Me, As a Penguin
‘I’d hate to give the impression that my allegiance can be bought with baked goods, but there was Battenberg on the seats when I arrived.’ This has more to offer than just cake, writes FRANCESCA HILL.
Corpus Playroom, 13th – 17th November, 7pm
Dir: Hellie Cranney
Sometimes a little-known, oddly-premised play comes along and gives you you a very pleasant surprise. Me, As A Penguin is undoubtedly one of them.
Meet shy loner Stitch, his heavily-pregnant sister Liz, her overwhelmed boyfriend Mark, and a man dressed as a penguin, as they experience what we can only hope will be one of the more surreal nights of their lives. Stitch has a bit of an incident at the aquarium, Liz dispenses advice and consumes vast quantities of Battenberg cake, and Mark tries in vain to keep hold of his favourite sofa.
I’d hate to give the impression that my allegiance can be bought with baked goods, but there was Battenberg on the seats when I arrived. And that set the tone for a great show: an hour later I emerged still chuckling. Short, pithy one-liners come thick and fast, and while these things never sound as good in print, trust me: a giant penguin saying “I’m always civil aren’t I? Bitch…” is hilarious even if you haven’t managed to get your hands on a bit of cake.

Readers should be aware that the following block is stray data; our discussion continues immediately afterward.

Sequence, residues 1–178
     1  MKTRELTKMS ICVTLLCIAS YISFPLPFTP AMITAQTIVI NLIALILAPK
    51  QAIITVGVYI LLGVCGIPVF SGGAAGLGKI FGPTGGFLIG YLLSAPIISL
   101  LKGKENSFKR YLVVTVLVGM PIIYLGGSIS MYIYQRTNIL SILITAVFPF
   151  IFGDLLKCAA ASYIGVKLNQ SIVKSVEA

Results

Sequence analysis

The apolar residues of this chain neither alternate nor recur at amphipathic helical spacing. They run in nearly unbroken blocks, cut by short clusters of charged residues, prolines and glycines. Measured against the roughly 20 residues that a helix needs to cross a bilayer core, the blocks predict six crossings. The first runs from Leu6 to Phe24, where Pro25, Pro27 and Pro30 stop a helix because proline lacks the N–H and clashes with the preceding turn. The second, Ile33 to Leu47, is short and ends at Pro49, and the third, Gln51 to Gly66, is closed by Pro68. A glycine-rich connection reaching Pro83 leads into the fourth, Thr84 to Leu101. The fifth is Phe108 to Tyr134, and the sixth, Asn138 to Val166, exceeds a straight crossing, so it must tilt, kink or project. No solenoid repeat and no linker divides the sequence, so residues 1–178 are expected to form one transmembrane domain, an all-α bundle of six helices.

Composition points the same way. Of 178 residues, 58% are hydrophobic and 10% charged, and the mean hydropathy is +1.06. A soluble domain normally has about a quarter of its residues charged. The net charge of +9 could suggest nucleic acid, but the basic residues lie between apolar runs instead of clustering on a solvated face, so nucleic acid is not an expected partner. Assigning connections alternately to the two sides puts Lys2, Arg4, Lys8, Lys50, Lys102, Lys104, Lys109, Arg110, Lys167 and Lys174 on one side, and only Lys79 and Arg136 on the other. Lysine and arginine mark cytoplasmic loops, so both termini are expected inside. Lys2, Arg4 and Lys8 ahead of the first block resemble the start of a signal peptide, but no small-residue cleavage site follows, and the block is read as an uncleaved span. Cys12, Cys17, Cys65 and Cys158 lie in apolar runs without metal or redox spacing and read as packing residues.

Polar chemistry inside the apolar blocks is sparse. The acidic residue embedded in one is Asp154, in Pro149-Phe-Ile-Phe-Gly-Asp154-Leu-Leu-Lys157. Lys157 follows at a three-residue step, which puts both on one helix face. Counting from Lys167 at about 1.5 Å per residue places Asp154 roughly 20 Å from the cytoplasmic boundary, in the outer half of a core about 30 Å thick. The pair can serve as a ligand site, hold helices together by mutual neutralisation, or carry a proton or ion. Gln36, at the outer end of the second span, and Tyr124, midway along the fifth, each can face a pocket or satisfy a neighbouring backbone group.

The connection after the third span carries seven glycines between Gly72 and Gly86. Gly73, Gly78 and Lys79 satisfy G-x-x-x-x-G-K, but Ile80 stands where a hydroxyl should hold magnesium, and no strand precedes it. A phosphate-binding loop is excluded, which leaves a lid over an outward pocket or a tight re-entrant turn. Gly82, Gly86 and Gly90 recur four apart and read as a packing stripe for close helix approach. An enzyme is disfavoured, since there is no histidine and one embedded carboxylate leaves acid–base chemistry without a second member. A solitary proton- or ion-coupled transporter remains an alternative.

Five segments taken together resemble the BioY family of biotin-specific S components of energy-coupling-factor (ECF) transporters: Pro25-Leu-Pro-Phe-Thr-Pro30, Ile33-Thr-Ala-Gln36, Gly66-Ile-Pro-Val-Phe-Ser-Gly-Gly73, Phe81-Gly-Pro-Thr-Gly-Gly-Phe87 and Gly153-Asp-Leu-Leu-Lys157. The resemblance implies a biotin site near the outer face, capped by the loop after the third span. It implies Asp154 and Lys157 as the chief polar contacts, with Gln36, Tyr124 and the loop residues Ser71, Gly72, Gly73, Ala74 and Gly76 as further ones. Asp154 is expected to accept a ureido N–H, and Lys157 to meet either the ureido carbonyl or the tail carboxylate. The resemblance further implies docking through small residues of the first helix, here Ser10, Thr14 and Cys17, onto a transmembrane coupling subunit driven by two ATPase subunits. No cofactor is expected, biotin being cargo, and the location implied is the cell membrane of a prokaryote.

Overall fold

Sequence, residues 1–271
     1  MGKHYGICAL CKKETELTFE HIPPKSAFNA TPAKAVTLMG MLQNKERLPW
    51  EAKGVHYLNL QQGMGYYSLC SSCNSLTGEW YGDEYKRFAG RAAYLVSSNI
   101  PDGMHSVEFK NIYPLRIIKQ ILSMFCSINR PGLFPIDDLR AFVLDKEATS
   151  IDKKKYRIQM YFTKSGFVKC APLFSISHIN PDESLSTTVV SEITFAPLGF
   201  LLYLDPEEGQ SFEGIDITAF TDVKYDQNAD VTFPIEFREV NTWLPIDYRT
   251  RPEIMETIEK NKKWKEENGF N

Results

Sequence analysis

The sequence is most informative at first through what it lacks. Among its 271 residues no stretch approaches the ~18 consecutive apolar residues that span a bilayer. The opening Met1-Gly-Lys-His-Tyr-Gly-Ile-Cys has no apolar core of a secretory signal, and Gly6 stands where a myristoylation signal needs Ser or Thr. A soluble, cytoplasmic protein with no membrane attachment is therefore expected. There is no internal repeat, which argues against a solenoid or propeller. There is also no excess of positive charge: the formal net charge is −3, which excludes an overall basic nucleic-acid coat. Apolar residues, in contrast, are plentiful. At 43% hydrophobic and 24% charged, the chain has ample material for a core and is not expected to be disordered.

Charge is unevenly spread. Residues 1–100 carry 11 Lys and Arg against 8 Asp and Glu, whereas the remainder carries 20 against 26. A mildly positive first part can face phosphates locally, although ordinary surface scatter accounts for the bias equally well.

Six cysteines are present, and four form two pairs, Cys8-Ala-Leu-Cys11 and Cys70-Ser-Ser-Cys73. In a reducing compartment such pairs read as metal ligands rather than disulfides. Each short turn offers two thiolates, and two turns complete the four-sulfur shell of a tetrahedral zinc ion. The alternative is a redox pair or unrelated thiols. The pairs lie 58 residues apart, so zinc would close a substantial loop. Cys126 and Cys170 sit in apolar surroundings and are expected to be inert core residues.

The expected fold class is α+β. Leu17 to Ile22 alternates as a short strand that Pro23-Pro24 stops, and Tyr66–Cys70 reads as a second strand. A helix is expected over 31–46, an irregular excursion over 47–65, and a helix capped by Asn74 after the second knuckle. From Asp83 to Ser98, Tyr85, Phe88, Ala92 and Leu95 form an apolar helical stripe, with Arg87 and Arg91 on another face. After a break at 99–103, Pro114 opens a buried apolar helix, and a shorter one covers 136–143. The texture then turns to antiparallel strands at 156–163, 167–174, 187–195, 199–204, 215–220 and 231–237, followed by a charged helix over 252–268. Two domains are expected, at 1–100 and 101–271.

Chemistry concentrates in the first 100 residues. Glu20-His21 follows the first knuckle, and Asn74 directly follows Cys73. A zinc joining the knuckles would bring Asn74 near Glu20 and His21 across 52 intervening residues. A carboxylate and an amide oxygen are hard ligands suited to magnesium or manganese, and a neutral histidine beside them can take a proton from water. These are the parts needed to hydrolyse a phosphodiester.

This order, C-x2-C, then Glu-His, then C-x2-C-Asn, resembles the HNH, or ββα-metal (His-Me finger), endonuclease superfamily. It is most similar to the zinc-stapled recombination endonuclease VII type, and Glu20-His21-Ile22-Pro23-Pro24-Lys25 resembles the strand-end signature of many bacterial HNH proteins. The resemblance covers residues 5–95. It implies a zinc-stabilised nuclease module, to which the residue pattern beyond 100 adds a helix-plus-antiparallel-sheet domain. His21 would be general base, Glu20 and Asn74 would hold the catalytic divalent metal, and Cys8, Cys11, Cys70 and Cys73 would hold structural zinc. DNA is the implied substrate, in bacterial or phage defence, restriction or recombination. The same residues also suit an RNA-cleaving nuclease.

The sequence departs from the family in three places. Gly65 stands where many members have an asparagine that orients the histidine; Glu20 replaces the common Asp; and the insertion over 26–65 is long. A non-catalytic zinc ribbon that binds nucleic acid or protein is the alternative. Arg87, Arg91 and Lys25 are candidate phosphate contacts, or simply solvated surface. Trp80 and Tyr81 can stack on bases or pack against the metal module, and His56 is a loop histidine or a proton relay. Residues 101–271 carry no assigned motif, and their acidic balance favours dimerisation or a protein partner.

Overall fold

Thanks to some skilful directing and a great set, Me, As A Penguin manages, charmingly, to be both surreal and realistic at the same time. If you put the penguins to one side, the relationships between the characters require few stretches of the imagination. Max Upton as Stitch delivers a subtle but compelling performance. He avoids the minefield of camp angst cliché, and conveys a character painfully aware of his own eccentricity.
Hugh Stubbin’s Mark will ring bells with anyone who’s ever dated a British male caught panicked in the headlights of their own life (i.e. most British girls ever). Even if his late transformation is somewhat unrealistic (probably playwright Tom Wells’ fault rather than Stubbins’), scenes towards the end where Mark clumsily tries to reach out and help his girlfriend’s depressed brother are undoubtedly touching. Gotta love awkward attempts at male bonding.
However, the star of the show is Laura Jayne Ayres in the role of Liz. Utterly convincing whether moaning about the pressure on her bladder or trying to be a good big sister, she delivers her one-liners with flair, and walks confidently along the edge of many a northern stereotype without ever stepping too far over.
If you’re looking for a quirky, fun comedy about trying to find your place in the world, (or potentially just some Battenberg) then Me, As A Penguin is a good place to start.